As unemployment rises, Correa plans to send labor law changes to the National Assembly
Saying that a relaxation of some labor laws is necessary to keep Ecuadorians employed, President Rafael Correa says he will send a package of changes to the National Assembly within two weeks.
Among the changes is one that would allow employers to the reduce work hours and the pay of full-time employees. Under the change, daily work hours could be reduced from eight hours to six and work days from five to four.
“This would be the lesser evil than for the employee to lose a job completely,” Correa said. “Yes, they will make less money but if the company cannot afford full pay, this is an alternative that benefits both sides,” he said.
A second reform, announced last week, is to allow fixed-term employment contracts, not allowed under current law. According to Correa, this will help employers in the construction, fishing and agricultural sectors. Tens-of-thousands of jobs have already been lost in these areas, Correa said, and relaxing the contract rules will allow more people to work.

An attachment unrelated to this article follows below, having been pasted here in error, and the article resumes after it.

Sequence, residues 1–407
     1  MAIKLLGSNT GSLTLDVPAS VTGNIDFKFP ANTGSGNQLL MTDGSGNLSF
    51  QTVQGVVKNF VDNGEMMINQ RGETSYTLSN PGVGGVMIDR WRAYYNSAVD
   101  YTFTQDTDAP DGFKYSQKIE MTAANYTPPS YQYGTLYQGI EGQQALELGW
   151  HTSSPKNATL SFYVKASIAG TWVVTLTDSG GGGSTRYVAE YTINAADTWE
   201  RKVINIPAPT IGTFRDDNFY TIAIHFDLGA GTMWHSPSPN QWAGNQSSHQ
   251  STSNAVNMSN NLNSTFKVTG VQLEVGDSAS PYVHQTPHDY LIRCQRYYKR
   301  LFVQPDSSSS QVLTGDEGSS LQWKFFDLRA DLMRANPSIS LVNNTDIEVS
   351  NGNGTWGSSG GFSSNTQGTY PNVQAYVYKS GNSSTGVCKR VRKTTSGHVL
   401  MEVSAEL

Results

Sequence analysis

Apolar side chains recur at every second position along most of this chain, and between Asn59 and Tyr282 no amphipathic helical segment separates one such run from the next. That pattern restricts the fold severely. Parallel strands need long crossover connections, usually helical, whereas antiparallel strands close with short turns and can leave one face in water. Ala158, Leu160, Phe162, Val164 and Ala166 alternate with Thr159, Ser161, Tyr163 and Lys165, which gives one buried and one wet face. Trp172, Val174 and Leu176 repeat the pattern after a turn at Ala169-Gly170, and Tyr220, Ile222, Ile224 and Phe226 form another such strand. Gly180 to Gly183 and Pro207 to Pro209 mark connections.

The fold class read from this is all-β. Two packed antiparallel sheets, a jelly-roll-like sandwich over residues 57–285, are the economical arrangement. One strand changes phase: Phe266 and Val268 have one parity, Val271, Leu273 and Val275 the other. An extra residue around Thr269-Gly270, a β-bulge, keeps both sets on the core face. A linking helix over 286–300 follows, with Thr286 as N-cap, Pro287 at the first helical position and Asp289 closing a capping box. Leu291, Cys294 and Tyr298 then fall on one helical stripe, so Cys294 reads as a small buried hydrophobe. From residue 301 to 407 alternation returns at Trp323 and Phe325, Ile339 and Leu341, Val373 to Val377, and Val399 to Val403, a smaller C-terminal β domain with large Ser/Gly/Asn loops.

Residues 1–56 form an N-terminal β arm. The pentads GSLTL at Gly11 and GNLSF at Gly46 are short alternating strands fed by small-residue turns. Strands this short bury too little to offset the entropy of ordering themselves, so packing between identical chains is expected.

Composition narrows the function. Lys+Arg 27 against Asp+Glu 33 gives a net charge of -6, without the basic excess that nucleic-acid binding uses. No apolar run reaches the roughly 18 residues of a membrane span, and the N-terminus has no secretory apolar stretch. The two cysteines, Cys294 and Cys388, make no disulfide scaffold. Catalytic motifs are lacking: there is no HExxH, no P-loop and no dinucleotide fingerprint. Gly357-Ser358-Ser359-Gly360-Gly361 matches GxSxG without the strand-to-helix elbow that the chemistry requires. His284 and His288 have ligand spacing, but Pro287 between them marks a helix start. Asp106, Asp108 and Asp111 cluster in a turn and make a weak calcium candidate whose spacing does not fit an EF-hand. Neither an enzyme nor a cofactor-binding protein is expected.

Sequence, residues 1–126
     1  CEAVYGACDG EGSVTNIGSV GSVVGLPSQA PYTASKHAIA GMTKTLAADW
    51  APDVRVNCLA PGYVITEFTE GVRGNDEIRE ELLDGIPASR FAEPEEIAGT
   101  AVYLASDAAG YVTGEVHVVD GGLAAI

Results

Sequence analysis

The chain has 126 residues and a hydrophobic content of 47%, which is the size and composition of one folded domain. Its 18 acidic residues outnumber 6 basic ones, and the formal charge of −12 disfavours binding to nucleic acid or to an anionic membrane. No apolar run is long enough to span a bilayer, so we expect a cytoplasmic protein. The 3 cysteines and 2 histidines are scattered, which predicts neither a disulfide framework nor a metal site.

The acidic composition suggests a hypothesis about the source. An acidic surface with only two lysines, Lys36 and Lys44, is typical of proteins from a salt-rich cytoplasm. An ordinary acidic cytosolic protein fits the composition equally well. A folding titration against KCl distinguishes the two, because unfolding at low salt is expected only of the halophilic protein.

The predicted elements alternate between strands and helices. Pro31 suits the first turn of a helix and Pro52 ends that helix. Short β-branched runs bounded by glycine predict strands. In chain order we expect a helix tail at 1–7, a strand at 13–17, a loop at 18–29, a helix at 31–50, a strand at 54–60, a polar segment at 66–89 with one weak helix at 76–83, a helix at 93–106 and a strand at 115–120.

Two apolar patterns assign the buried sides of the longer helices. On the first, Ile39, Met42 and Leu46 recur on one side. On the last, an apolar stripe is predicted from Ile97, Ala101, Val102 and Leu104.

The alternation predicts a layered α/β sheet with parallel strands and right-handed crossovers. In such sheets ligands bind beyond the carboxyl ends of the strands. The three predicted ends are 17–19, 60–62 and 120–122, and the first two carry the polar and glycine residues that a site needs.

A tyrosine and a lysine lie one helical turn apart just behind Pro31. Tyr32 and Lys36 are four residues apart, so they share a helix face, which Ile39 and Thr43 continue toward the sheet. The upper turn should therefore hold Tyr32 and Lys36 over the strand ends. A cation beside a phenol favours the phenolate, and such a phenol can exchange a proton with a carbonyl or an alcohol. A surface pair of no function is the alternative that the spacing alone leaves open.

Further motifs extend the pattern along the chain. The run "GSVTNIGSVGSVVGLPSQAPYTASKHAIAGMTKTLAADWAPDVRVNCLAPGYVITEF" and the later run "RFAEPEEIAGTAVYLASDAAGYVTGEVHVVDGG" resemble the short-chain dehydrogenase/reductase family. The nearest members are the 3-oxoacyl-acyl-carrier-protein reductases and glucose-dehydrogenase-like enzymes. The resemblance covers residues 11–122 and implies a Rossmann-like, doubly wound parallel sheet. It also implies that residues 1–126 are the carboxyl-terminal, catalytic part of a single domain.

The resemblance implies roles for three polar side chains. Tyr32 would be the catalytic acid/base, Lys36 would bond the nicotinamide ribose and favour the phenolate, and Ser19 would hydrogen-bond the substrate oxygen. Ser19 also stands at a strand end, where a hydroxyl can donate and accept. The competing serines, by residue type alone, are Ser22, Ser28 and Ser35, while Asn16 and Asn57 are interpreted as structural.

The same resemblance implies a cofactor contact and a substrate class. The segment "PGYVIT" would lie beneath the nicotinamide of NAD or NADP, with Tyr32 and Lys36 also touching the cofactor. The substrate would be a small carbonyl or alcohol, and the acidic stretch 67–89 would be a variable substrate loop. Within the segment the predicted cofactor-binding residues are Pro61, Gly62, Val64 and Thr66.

Another reform the president said he will propose, is the elimination of the requirement that apprentice and young employees be paid the minimum salary. “Many employers could not afford this and employment of young people has gone down,” Correa said.
“We made a mistake with this law,” Correa admitted. “We were acting on humanistic principles but that is not practical under the economic circumstances we face today.”
Correa said that unemployment remains under 5% in Ecuador, the lowest rate in Latin America, but he concedes that it is rising.